Dorman E.,Family and Reproductive Health
Expert review of pharmacoeconomics & outcomes research | Year: 2012

The biological basis for male contraception was established decades ago, but despite promising breakthroughs and the financial burden men increasingly bear due to better enforcement of child support policies, no viable alternative to the condom has been brought to market. Men who wish to control their fertility must rely on female compliance with contraceptives, barrier methods, vasectomy or abstinence. Over the last 10 years, the pharmaceutical industry has abandoned most of its investment in the field, leaving only nonprofit organisations and public entities pursuing male contraception. Leading explanations are uncertain forecasts of market demand pitted against the need for critical investments to demonstrate the safety of existing candidate products. This paper explores the developments and challenges in male contraception research. We produce preliminary estimates of potential market size for a safe and effective male contraceptive based on available data to estimate the potential market for a novel male method.

Blum R.W.,Family and Reproductive Health
Journal of Adolescent Health | Year: 2014

Recent research has driven home the close relationship between place and health. Geography is often a greater driver of adolescent morbidity and mortality than behavior. To elucidate these relationships, the Well-Being of Adolescents in Vulnerable Environments study has collected and analyzed data on the health and well-being of adolescents' lowest income communities of five cities: Baltimore, United States; Ibadan, Nigeria; Johannesburg, South Africa; New Delhi, India; and Shanghai, China. © 2014 Society for Adolescent Health and Medicine.

Mmari K.,Family and Reproductive Health | Sabherwal S.,Family and Reproductive Health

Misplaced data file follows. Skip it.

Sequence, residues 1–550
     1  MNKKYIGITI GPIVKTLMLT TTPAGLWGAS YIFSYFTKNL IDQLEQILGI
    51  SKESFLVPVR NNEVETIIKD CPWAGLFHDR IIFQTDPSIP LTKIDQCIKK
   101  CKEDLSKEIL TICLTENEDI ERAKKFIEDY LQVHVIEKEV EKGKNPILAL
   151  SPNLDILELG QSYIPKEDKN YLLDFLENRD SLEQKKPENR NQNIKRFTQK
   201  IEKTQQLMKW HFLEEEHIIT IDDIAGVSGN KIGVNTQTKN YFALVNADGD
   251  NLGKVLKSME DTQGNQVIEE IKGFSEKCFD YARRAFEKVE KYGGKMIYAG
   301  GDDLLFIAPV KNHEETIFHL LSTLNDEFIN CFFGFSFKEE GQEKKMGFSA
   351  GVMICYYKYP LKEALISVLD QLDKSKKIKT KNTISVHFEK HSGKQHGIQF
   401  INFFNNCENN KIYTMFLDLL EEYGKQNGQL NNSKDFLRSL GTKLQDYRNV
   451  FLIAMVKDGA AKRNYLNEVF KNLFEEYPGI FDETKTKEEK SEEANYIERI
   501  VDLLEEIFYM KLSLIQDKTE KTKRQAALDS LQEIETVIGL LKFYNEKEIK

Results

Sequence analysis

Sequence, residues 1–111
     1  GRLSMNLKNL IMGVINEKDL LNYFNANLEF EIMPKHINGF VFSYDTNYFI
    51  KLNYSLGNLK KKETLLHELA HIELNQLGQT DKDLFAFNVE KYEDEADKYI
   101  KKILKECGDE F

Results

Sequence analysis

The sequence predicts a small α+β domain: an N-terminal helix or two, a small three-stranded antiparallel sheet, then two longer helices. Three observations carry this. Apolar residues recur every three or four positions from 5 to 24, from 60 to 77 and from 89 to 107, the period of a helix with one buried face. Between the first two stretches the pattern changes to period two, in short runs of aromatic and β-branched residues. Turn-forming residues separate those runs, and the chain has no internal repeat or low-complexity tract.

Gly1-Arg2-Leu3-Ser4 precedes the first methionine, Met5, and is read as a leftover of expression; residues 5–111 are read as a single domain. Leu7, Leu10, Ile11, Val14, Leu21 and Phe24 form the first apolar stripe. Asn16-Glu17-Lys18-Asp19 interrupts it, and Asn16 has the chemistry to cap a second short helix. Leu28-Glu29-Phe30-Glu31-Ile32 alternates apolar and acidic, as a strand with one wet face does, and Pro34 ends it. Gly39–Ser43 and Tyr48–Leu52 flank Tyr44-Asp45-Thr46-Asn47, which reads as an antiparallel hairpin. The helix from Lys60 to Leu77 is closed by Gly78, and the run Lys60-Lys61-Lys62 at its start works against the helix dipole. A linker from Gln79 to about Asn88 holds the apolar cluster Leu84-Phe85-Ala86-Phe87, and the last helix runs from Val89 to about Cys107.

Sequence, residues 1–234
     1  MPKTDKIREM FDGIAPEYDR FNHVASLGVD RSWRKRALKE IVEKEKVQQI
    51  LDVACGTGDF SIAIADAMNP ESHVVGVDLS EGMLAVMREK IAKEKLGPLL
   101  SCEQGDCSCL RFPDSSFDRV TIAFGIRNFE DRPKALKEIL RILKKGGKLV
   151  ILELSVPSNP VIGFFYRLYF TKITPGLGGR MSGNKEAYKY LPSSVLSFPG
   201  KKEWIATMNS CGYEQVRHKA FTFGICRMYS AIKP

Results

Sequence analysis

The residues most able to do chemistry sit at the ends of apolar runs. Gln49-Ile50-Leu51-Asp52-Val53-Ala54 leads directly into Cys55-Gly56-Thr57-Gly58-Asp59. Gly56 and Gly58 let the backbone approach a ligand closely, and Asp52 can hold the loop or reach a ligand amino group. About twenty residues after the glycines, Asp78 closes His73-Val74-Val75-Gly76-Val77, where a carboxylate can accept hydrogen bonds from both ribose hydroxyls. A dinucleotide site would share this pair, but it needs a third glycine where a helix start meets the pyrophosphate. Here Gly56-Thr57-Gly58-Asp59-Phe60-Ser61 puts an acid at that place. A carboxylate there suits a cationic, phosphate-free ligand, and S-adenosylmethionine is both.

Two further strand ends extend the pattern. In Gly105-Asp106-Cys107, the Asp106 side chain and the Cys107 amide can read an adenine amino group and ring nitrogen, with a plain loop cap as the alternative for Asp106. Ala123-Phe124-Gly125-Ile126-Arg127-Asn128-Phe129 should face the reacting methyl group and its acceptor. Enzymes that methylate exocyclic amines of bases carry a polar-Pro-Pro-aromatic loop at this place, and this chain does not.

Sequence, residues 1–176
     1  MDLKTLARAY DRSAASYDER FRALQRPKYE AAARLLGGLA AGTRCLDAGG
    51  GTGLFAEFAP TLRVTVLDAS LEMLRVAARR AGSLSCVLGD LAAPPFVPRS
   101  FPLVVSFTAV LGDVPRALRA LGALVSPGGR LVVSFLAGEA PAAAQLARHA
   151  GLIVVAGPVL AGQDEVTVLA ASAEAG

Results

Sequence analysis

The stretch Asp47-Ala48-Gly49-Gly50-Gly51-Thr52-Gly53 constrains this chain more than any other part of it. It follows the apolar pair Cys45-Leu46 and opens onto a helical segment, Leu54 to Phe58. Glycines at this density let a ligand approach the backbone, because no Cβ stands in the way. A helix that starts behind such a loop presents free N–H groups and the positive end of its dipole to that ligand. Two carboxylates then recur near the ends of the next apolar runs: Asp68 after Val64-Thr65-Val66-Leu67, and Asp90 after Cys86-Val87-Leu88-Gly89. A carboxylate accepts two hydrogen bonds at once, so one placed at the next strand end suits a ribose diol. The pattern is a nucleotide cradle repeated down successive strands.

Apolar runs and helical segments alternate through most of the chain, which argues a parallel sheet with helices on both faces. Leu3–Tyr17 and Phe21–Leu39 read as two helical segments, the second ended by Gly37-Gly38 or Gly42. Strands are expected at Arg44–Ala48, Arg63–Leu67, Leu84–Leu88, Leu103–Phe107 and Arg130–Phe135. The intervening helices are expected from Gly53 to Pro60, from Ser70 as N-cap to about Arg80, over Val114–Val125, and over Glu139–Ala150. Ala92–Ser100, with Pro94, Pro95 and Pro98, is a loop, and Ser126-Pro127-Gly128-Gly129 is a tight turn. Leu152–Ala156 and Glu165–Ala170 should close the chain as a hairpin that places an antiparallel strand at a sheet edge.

Journal of Adolescent Health | Year: 2013

Purpose To conduct a literature review of studies that examined risk and protective factors related to adolescent sexual and reproductive health in developing countries. Methods A literature search was conducted using multiple databases, including PubMed, PsycINFO, Scopus, JSTOR, and the Interagency Youth Working Group. Review criteria included publications that: were conducted in a low- or middle-income country; had a sample size of at least 100 young people aged 10-24 years, and used multivariate analysis. All studies that were identified were also conducted between 1990 and 2010, a 20-year time frame. The literature search and initial review yielded a total of 244 studies that met the criteria and analyzed risk and protective factors related to the following outcomes: sexual initiation, number of sexual partners, condom use, contraceptive use, pregnancy and early childbearing, human immunodeficiency virus, sexually transmitted infections, and sexual coercion. Results Most studies that were conducted on adolescent sexual and reproductive health in developing countries were largely focused in Sub-Saharan African contexts, and primarily examined factors related to sexual initiation and condom use. Most factors that examined an adolescent sexual and reproductive health outcome were also focused on the individual level, although an increasing number of studies within the past 10 years have focused on family-level factors. Few studies examined factors at the community or neighborhood level, which, to date, has largely been ignored in developing country contexts. Conclusions The review not only summarizes what is currently known in terms of risk and protective factors that relate to adolescent sexual and reproductive health in developing countries, but also highlights the gaps. Implications for future research are discussed. © 2013 Society for Adolescent Health and Medicine. All rights reserved.